Monday, July 9, 2007

[Latest Global Dollar Liquidity Measure: +15.5% annual growth rate; latest Endogenous Liquidity Index: -0.8%]

- The CDO Put at work, again. According to the Daily Institutional Investor, HSBC is in the early stages of marketing "a managed synthetic corporate collateralized debt obligation to Asian investors called Maple Hill II. The deal was structured in New York, contains largely European and U.S. investment-grade underlying and is getting global distribution. Seven-and-a-half-year and 10-year notes are available and the deal is managed by U.S.-based Babson Capital".

"The portfolio references 136 high quality global corporate credits with a 10% cap in high-yield credits". Interestingly enough, Asia appears to be the source of demand: "... there has been consistent demand for this type of deal, particularly from Japan and Korea. She added that HSBC also has a lot of new Asian accounts from places such as China, Philippines, Thailand and Malaysia looking to get into structured credit, and who look to this sort of product for its diversity and relatively high yield".

- PIMCO's Tomoya Masanao on global liquidity. From a global liquidity point of view, this piece contains three interesting elements. [1] The changing face of the New Bretton Woods: "Currency reserves in China and other Asian countries have been a very important factor in containing risk premiums in the financial markets. These countries have been using their reserves to buy U.S. Treasuries and other high quality bonds in an effort to maintain currency pegs versus the U.S. dollar ... This evolution [i.e. investing in riskier assets via "sovereign wealth funds"] is already occurring and will accelerate over our secular horizon".

"This evolution, coupled with our global growth outlook, suggests a positive environment for riskier assets, notably stocks, real estate and commodities. That environment is unfortunately not very positive for high quality bond markets like U.S. Treasuries". [2] Towards a more balanced global business cycle? "One important change in our outlook is simply that we recognize global aggregate demand is becoming less U.S.-centric and that domestic demand in emerging markets is continuing and accelerating, which in turn is feeding growth, particularly in Europe and Japan".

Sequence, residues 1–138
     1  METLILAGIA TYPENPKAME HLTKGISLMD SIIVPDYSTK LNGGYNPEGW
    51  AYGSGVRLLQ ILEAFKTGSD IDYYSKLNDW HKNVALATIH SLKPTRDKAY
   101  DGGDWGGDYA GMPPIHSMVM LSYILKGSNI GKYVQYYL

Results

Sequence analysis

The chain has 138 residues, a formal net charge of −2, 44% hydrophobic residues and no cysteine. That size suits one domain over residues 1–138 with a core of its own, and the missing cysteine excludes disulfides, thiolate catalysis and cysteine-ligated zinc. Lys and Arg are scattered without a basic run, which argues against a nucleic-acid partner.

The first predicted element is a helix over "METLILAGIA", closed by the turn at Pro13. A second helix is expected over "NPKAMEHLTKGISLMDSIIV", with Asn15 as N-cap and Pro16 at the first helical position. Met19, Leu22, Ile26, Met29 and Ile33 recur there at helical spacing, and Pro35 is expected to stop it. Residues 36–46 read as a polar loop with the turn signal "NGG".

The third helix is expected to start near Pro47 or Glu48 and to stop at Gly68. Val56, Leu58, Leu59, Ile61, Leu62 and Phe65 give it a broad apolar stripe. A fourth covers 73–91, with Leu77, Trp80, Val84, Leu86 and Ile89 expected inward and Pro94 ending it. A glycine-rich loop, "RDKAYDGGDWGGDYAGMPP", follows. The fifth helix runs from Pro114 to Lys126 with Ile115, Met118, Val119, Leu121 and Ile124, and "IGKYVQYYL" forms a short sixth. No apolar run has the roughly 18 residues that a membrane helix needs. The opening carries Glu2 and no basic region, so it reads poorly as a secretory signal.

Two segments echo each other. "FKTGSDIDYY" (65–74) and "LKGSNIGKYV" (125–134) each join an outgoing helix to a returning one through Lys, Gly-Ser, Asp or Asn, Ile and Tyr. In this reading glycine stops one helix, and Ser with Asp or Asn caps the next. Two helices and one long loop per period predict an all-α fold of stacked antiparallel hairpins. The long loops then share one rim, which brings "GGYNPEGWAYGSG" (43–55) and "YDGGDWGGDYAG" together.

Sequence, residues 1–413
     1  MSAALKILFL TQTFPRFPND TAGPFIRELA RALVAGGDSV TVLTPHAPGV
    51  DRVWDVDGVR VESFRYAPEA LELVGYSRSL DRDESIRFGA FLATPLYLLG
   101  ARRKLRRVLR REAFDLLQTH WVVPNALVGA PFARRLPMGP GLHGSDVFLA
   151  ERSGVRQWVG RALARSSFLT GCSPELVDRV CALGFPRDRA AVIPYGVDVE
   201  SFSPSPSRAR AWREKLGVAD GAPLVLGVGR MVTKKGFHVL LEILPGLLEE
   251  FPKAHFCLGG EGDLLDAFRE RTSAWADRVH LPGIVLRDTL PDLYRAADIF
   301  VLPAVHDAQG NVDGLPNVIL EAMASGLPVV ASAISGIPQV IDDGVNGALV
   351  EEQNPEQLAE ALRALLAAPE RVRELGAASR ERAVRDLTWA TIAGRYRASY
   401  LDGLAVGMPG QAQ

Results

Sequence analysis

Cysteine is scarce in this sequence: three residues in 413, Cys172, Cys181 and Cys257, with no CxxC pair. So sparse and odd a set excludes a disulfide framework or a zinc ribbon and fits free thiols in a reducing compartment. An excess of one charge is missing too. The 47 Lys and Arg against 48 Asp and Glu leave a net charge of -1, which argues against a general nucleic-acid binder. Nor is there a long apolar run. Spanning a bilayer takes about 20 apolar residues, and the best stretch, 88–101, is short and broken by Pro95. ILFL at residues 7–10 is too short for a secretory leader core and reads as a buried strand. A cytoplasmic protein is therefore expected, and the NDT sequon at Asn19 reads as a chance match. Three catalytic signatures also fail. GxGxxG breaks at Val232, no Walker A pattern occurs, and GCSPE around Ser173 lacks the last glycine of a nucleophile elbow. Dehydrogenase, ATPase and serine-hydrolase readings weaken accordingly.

"We now believe that global aggregate demand will be less dependent on U.S. consumption because of the growth in emerging markets. As the emerging markets become an increasingly important driver of global aggregate demand, the rest of the world will benefit from emerging market growth, particularly Japan and European countries". [3] The recognition of endogenous liquidity. "A second factor that led us to a different conclusion this year is the recognition that the higher asset prices, tighter credit spreads and lower bond yields we have experienced in the last three to five years have eased financial conditions globally. This global liquidity has largely offset central bank tightening in developed countries like the U.S".

- Bennet Sedacca on global liquidity & M3. Bennet Sedacca and a confession: "I couldn't have said better myself ... the market has been driven by excess global liquidity". After this promising start, Mr. Sedacca surprises with a mention of the now-defunct M3 monetary measure. I have written about this a couple of times already, but let me take the opportunity to repeat one of the key "commandments" of liquidity watchers: M2 and M3 are not liquidity measures. Moreover: they sometines act as indicators of il-liquidity — remember 1998 in the U.S.

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